The book is pure investigative journalism, hence its direct, raw narrative, without subterfuge or unnecessary detours. (...) But the most important and interesting thing in this book is what it tells, which is none other than the most absolute impunity that exists in the seas of this planet in which companies of different nature act without ethics or scruples in favor of economic benefit.

Estado Critico

You have to read it. You will never see a hake with the same eyes or a sunset with the same feeling again. Through his brutal stories, Ian Urbina unravels a dark global web of crime and exploitation emanating from the fishing, oil and shipping industries on which the world's economies depend.

20 Minutos

In his most recent book, 'The Outlaw Ocean,' New York Times reporter, Ian Urbina..delves into the corruption and physical and psychological abuse..of the men and women enslaved by illegal fishing...[This] monumental investigative journalism..evokes a sensation of a cinematographic journey...[It's] an extraordinary book.

Foro Javeriano

One of the best Ocean books of all time.

Book Authority

These chapters are vibrant as individual stories, but as a collection they’re transcendent, rendering a complex portrait of an unseen and disturbing world. Urbina pursues a depth of reportage that’s rare because of the guts and diligence it requires...The result is not just a fascinating read, but a truly important document...a master class in journalism.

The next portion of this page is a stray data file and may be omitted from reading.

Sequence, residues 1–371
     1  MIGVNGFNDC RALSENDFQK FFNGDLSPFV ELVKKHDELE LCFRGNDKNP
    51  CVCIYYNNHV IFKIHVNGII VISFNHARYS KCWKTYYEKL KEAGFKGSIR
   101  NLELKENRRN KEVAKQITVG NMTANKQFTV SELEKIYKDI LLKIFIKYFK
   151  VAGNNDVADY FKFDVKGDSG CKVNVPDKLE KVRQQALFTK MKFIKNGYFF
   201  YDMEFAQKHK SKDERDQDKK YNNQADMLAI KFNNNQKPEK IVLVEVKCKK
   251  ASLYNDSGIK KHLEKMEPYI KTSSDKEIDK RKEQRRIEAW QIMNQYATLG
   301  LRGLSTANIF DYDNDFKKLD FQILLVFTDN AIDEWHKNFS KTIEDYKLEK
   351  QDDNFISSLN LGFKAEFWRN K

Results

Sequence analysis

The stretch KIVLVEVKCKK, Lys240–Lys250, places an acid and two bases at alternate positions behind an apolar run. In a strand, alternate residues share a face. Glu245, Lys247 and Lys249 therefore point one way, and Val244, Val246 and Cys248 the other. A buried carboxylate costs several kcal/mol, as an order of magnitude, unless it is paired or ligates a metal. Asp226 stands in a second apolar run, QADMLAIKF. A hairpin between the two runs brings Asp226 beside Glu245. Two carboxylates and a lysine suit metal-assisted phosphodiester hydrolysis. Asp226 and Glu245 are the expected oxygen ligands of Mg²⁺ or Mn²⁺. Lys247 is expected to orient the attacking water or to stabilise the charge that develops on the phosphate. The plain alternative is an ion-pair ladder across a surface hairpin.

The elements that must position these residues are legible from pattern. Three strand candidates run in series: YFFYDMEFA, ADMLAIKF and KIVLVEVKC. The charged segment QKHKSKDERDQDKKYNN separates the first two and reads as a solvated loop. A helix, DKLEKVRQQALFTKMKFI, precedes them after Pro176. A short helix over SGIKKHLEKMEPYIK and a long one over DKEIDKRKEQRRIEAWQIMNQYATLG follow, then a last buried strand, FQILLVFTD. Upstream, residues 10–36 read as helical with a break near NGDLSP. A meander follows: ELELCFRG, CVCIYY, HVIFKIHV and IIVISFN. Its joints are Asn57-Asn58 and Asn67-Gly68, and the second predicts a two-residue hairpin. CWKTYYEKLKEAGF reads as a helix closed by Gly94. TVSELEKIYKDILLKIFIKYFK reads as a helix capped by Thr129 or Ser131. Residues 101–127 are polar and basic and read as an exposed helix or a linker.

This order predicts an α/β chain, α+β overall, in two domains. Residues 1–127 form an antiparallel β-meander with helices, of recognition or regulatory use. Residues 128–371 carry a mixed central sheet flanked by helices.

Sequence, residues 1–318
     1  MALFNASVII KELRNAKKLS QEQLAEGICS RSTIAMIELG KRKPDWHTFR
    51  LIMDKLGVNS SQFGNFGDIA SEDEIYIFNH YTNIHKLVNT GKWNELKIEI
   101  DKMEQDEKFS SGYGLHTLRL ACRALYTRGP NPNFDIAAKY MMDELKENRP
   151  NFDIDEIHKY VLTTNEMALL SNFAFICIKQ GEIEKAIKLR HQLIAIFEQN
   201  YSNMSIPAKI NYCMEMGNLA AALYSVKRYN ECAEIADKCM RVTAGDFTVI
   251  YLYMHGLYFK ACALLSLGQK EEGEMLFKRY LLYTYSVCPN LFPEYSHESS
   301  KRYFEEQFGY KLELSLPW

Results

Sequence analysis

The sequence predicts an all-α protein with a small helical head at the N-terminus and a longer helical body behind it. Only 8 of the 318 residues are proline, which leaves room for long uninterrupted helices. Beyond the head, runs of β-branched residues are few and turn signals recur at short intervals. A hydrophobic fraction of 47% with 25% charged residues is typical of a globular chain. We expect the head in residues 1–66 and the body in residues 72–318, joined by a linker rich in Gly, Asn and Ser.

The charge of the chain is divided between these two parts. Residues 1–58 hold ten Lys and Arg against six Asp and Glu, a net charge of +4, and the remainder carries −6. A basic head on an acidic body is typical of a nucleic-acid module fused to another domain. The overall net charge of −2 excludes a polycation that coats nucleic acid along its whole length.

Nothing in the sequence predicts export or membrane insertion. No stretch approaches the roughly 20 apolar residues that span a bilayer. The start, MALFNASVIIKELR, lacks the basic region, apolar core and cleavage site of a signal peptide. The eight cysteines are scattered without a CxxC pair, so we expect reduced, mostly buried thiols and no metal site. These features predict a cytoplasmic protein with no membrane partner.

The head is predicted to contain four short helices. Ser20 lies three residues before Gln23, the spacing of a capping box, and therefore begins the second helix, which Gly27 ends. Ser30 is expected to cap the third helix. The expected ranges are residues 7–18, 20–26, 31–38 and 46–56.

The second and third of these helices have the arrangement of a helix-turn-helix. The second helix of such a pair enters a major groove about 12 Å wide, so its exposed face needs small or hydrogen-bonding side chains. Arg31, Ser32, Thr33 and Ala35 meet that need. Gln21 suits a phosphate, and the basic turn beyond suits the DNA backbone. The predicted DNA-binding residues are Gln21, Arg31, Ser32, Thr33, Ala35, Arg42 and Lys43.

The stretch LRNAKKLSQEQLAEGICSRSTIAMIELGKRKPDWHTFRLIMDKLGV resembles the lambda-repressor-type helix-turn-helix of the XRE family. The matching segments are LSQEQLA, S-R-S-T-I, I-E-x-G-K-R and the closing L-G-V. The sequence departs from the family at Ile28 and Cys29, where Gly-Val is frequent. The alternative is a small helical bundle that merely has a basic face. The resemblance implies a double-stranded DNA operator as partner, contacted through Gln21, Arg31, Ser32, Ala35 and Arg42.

The New York Times Book Review

That Urbina has been able to pluck these people out of the vast blue expanse that surrounds them and locate them, both on the map and in our minds, at least for a moment, is an impressive feat of reporting…A lesser writer might have been daunted by the technicalities. But Urbina deftly reveals complicated ideas through his stories, whether he’s exploring how lacunas in Thai labor law leave sea slaves vulnerable or depicting firsthand how flags of convenience meant to track ships can be used to make them disappear.

The Washington Post

For anyone who is serious about the ocean, environmental conservation, social justice, equity and equality on the high seas, *The Outlaw Ocean* is a must read...simultaneously so gripping we couldn’t put it down and incredibly difficult to read...But sharing these stories is the key to inspiring action for a better world...Despite Urbina’s clear and concise framing of these myriad issues facing our high seas, readers will find it challenging to not empathize with so many of the real people featured in these stories, and to not feel overwhelmed by the darkness shrouding the high seas. But sharing these stories is the key to inspiring action for a better world.

Ocean Wise

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Reporting of this type is rare, expensive and urgently needed. The Outlaw Ocean Project is a non-profit organization solely dedicated to publishing more of these stories. Please consider supporting the work by donating to the non-profit or subscribing to our newsletter on Substack.